Accommodating my disability this time around, was easier. Everything I need for my disability barriers is already in place; I just have to use it. Also having an extremely creative and supportive husband, who is so willing to do whatever is needed to help reach an acceptable quality of life, is a huge benefit as a disability affects everyone; it’s a family affair. All that was needed was for me to stop fighting against declining energy and to start working to make the best use of the limited energy I had left.

A person with disability can accept their personal limitations and find appropriate accommodations, yet not be successful due to attitude. Anger, bitterness, and continuous frustration over the limitations of public disability access is the fastest route to an attitude of entitlement. This is a personality disability; as limiting as any physical disability. It becomes a barrier to self-advocating. It prevents a person with disability from being part of the solution, by sharing what works, as well as what doesn’t work. An entitled personality is counterproductive to legislation, research, and development of new options, as frustration and anger slows the process down. An entitlement attitude keeps a person from finding or accepting alternate ways to bridge specific barriers.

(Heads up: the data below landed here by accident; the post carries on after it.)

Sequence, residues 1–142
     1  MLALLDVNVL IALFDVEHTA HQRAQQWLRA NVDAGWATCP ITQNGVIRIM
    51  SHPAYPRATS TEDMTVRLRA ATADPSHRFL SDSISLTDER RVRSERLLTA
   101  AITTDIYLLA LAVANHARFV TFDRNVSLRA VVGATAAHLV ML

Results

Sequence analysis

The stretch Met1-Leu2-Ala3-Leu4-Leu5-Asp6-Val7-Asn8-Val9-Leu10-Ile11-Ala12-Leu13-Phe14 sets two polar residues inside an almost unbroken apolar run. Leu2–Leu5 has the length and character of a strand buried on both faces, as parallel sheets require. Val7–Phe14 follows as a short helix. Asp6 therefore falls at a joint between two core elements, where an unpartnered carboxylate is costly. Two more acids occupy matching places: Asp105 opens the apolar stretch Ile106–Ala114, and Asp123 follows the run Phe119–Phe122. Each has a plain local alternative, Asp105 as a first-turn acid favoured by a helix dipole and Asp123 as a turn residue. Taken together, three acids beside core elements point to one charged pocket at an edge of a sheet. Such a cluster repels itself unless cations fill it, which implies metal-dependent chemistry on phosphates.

My goal is to express gratitude for every barrier that is reduced or removed, and find my own solutions when I can. Yes, frustration gets the best of me sometimes, but as with everyone else, I am a work in process.